Esken pulled the plug on Stobart Air earlier this month.
The company behind Southend Airport is closing in on a £120 million deal that will help develop the site, weeks after it pushed Stobart Air into administration.
Esken said that US private equity firm Carlyle is seeking final approvals for a deal that could come “in the coming days”.
It will see Carlyle lend £120 million to Esken, which can be converted into a 30% stake in the airport.
Carlyle Global Infrastructure managing director Richard Hoskins said: “We have been in detailed discussions with Esken for a number of months and are seeking final approvals to sign definitive transaction documents in the coming days that will allow us to work in partnership with Esken to develop London Southend Airport.”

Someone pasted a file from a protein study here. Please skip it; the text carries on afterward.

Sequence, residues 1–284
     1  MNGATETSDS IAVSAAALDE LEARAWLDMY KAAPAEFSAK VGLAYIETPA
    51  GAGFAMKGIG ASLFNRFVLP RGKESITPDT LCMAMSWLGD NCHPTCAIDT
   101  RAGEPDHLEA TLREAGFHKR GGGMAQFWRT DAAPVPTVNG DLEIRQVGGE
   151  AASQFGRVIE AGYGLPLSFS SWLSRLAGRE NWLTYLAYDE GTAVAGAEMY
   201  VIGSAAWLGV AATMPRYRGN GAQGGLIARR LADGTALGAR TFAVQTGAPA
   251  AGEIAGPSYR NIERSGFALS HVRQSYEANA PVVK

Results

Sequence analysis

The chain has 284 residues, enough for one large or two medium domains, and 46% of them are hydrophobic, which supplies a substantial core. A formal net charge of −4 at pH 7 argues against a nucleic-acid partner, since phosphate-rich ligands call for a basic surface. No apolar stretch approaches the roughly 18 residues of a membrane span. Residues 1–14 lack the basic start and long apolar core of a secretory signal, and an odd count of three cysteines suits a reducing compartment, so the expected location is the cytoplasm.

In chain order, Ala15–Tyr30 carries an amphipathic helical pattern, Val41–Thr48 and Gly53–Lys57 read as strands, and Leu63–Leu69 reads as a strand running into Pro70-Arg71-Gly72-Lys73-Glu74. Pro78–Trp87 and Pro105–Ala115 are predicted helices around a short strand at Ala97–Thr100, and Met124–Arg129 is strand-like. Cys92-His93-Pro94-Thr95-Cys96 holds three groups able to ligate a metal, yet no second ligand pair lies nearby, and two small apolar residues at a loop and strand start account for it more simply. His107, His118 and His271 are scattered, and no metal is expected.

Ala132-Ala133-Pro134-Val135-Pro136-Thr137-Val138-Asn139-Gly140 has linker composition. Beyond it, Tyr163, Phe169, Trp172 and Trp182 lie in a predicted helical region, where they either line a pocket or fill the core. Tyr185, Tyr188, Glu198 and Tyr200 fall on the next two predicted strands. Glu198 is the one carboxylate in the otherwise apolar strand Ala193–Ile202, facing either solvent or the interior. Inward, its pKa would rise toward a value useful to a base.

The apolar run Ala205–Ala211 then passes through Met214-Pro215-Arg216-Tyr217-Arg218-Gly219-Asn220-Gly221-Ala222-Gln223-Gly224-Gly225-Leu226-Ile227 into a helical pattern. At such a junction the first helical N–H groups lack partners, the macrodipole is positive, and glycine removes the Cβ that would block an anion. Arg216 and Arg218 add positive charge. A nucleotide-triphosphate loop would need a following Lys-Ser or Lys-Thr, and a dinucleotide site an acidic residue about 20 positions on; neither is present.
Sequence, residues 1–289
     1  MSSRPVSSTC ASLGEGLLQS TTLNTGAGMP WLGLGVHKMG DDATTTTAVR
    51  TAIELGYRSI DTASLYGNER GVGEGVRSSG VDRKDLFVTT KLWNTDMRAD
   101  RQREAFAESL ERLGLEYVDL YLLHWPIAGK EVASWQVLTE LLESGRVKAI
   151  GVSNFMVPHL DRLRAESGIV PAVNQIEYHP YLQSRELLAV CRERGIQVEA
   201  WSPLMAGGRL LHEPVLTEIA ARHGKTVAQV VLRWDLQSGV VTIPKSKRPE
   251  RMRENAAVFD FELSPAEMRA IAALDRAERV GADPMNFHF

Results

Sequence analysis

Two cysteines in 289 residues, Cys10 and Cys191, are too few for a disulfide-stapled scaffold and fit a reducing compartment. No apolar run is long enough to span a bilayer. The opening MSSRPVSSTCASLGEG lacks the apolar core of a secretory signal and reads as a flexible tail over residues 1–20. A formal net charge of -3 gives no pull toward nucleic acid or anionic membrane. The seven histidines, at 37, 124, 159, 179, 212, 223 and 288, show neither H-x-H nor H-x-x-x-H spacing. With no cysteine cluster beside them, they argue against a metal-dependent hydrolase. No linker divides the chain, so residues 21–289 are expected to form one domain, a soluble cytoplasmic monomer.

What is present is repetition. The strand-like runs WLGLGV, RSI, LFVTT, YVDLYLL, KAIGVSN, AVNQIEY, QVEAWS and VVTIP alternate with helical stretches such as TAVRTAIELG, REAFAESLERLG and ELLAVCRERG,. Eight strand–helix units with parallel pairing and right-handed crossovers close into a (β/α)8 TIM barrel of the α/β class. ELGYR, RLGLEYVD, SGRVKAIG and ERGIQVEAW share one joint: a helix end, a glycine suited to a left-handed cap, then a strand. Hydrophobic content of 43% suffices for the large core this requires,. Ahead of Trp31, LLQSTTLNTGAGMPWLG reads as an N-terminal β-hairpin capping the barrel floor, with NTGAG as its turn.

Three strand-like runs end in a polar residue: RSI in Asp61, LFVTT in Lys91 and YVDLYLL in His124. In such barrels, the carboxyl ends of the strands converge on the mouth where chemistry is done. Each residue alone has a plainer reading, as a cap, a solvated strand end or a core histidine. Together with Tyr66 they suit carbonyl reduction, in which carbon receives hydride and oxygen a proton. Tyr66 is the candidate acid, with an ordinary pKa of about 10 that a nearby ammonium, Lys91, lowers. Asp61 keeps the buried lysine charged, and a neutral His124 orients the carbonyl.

Esken, formerly Stobart Group, has been more challenged than most during the pandemic.
The travel firm made a loss of more than £150 million in the year to February 28 it reported on Wednesday.
Three weeks ago it was forced to push Stobart Air, which operated Aer Lingus’s regional flights, into administration after a deal for the business fell through.
It said that it expects to see cash outflow costs from the liquidation and the leases it still has on planes to reach £82 million over the next three years.
However Esken hopes to reduce these costs by finding someone to take the planes off its hands.
Its executive chairman David Shearer said: “We responded robustly and decisively, minimising losses, reducing cash burn and protecting liquidity to maintain the operational capability of our core businesses.
“Passenger travel has been severely disrupted by lockdowns and evolving quarantine arrangements.
“London Southend Airport (LSA) has not only withstood the impact of the pandemic but has provided an essential service through its global logistics operation.
“Its low-cost base proposition will position us well for a post pandemic recovery.”